This German State Is Suing Volkswagen Over the Emissions Cheating Scandal
The German state of Bavaria said on Tuesday it would sue Volkswagen for damages caused by its emissions-test cheating scandal, the first regional government in VW’s home country to take legal action against the carmaker.
Bavaria’s state pension fund for civil servants lost as much as 700,000 euros ($783,580.00) after VW shares plunged in the wake of the Sept. 18 revelation by U.S. regulators of the carmaker’s manipulation, a spokeswoman at the Bavarian finance ministry said.
Bavaria, home to German blue-chip companies including BMW, Siemens, and Allianz, owned about 58,000 VW preference shares when news of the scandal broke, she said.
Europe’s largest automaker is also caught up in legal action in the United States, South Korea and elsewhere and is facing billions of dollars in costs related to its emissions-test manipulations, making it the biggest scandal in VW’s history.
Bavaria’s pension fund lost out from the fall in the shares, Bavarian Finance Minister Markus Soeder told German news agency Deutsche Presse-Agentur (DPA), his spokeswoman said. “We want this money back,” said Soeder, a member of the Christian Social Union sister party of Chancellor Angela Merkel’s Christian Democrats.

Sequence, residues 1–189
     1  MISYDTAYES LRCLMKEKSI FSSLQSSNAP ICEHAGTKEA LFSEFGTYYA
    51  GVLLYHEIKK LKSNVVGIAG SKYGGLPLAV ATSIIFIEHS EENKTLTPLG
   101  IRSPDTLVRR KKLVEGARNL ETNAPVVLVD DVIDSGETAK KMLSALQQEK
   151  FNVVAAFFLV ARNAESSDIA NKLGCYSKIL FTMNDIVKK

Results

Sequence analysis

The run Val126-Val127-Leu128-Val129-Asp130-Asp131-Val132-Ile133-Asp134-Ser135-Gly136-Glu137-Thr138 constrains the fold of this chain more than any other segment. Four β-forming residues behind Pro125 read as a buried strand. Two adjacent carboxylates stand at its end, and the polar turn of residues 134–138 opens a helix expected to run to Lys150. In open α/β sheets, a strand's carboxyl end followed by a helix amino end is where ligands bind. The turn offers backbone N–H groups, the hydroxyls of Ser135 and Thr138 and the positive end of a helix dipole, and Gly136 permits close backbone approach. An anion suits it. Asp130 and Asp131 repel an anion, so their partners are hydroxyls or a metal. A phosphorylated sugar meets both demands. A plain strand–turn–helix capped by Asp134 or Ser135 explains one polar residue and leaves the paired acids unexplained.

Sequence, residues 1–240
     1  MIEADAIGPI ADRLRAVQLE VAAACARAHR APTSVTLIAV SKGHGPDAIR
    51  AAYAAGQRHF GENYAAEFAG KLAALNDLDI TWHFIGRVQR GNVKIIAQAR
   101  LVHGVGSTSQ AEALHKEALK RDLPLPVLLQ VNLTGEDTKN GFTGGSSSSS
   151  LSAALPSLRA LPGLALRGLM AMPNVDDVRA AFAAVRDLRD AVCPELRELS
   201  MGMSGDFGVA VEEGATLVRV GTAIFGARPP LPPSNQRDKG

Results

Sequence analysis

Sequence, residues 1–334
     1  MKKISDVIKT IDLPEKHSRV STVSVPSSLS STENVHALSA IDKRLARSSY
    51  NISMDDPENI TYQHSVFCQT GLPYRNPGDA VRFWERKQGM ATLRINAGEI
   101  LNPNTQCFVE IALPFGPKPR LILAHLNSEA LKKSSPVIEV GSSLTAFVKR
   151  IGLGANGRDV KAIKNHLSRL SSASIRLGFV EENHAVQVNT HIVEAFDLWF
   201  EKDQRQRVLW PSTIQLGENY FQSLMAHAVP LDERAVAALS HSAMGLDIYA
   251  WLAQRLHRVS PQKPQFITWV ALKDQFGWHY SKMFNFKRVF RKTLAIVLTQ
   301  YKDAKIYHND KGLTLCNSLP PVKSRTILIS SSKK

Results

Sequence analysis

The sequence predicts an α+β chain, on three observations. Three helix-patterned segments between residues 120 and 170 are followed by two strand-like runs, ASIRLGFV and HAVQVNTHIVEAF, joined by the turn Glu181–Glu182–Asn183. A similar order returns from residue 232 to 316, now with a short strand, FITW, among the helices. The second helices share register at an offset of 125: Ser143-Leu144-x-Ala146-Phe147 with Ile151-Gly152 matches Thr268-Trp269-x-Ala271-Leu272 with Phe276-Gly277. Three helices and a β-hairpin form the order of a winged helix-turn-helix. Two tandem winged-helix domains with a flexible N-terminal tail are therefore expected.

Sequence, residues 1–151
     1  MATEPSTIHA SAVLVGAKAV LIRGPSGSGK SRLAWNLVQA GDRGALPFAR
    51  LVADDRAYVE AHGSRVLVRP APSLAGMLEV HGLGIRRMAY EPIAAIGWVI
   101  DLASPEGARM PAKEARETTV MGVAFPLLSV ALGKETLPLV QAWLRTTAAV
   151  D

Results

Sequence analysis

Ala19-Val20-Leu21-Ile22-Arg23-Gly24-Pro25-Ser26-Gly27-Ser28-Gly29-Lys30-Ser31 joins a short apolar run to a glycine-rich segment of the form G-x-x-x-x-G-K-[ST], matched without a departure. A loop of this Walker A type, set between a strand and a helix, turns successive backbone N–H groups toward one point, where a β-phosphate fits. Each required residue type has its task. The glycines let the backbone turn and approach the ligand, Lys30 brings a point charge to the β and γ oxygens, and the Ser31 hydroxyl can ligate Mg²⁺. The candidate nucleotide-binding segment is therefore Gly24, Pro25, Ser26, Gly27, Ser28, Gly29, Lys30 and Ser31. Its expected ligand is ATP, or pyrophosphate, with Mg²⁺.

Soeder said Bavaria’s pension fund would file its suit against VW in September at the regional court of Braunschweig near VW’s Wolfsburg headquarters in the state of Lower Saxony, according to DPA which reported the legal action earlier on Tuesday.
VW declined to comment.
Bavaria is not the only one of Germany’s 16 federal states to have criticized VW.
Lower Saxony, VW’s second biggest shareholder which has a veto power on the carmaker’s supervisory board, in June withheld backing for VW’s former chief executive Martin Winterkorn and current brand chief Herbert Diess in a vote to ratify the actions by both men in 2015 when the scandal came to light.
Winterkorn and Diess are subject of a probe by Braunschweig prosecutors who are also investigating more than a dozen lower-level VW managers over the scandal.
Lower Saxony did not immediately respond to calls from Reuters seeking comment on whether it would consider legal action.